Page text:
c. 1391–1353 BC
Overall: 66 x 133 cm (26 x 52 3/8 in.)
John L. Severance Fund 1976.51
Another block from the same temple wall was acquired 15 years earlier by the museum.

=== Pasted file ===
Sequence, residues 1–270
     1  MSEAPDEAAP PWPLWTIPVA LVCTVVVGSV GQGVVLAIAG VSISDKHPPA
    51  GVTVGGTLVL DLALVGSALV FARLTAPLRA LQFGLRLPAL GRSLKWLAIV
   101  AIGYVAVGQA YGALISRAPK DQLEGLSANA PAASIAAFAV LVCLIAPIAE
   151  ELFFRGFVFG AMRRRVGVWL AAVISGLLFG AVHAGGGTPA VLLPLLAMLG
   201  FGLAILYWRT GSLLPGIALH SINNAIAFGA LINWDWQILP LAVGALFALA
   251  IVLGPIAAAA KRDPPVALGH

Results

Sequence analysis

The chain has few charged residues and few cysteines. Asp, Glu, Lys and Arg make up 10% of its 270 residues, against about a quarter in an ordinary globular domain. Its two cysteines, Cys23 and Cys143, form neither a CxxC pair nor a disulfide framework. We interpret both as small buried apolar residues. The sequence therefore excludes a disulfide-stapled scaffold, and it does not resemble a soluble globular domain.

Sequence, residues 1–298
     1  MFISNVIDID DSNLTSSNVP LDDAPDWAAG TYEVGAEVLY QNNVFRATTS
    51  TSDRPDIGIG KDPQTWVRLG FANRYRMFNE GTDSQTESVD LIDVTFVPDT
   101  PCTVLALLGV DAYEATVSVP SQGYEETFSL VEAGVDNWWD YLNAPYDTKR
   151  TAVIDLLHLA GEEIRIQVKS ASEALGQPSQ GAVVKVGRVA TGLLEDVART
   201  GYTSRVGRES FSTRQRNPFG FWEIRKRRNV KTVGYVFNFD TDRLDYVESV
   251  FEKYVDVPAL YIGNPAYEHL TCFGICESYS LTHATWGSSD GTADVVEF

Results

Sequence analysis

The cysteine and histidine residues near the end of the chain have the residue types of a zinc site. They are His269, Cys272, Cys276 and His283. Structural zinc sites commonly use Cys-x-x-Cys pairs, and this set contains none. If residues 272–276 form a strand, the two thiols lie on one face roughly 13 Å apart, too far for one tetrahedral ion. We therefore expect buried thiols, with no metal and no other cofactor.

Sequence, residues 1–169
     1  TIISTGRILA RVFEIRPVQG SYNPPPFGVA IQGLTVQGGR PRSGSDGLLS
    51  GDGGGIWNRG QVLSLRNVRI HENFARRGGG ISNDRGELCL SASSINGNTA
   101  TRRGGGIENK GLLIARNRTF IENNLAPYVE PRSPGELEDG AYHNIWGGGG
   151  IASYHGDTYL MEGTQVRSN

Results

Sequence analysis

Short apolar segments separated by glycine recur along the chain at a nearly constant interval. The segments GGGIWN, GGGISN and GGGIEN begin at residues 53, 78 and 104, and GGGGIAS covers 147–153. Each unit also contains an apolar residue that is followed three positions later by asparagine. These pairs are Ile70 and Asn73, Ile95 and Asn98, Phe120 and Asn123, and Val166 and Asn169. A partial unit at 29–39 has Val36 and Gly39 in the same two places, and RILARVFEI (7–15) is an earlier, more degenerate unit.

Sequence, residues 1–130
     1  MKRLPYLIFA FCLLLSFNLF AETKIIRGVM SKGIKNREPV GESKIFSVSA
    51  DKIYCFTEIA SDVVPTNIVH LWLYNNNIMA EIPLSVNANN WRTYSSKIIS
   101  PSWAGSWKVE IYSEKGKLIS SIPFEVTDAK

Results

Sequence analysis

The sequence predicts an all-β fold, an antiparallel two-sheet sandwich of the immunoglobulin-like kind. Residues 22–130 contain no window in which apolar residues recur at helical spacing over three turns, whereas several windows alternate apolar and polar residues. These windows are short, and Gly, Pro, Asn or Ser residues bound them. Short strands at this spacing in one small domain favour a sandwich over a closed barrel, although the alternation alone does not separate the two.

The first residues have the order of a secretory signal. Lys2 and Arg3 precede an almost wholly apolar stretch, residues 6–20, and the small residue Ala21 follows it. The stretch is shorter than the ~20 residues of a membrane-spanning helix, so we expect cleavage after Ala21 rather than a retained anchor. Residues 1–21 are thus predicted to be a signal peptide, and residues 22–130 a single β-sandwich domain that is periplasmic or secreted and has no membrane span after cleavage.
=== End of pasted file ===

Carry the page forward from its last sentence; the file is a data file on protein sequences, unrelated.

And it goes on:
These blocks from a temple wall have preserved their original painted decoration to a remarkable degree. The four portly figures in the lower register bear emblems on their heads identifying them as nomes, or provinces, of ancient Egypt. Carrying trays heaped with offerings and leading sacrificial animals, they personify the bounty of the land. First (on the right) is the Oryx Nome, followed by the Dog Nome, the Falcon Nome, and the Double Scepter Nome. The face of each nome figure is a miniature portrait of Amenhotep III, and each recites a speech in the king's name. The first figure says, "King Nebmaatra [Amenhotep III] has come, bringing to you every good thing that is in this land, that you may give him all life, stability, dominion, and all health from you." The second, third, and fourth figures bring "all greens," "the produce of the Two Lands [Upper and Lower Egypt]," and "all offerings and provisions." The god to whom the nomes bring offerings stood in the fragmentary upper register, facing a standing figure of the king, Amenhotep III. The pair of legs on the right belonged to the god; the single foot on the left belonged to the king. The god held a scepter, forked at the bottom, embellished with coils of rope (for eternity), tadpoles (for hundreds of thousands), and notched palm ribs (for years), the whole signifying "an eternity of hundreds of thousands of years." These blocks may be from Amenhotep III's temple at Kom el-Ahmar, ancient Hebenu, in Middle Egypt, dedicated to the god Horus. Hebenu was the capital of the Oryx Nome, which leads the procession of nome gods. Amenhotep III's temple was later dismantled, and its blocks were reused in the foundations of another structure, which would account for the excellent preservation of the paint.
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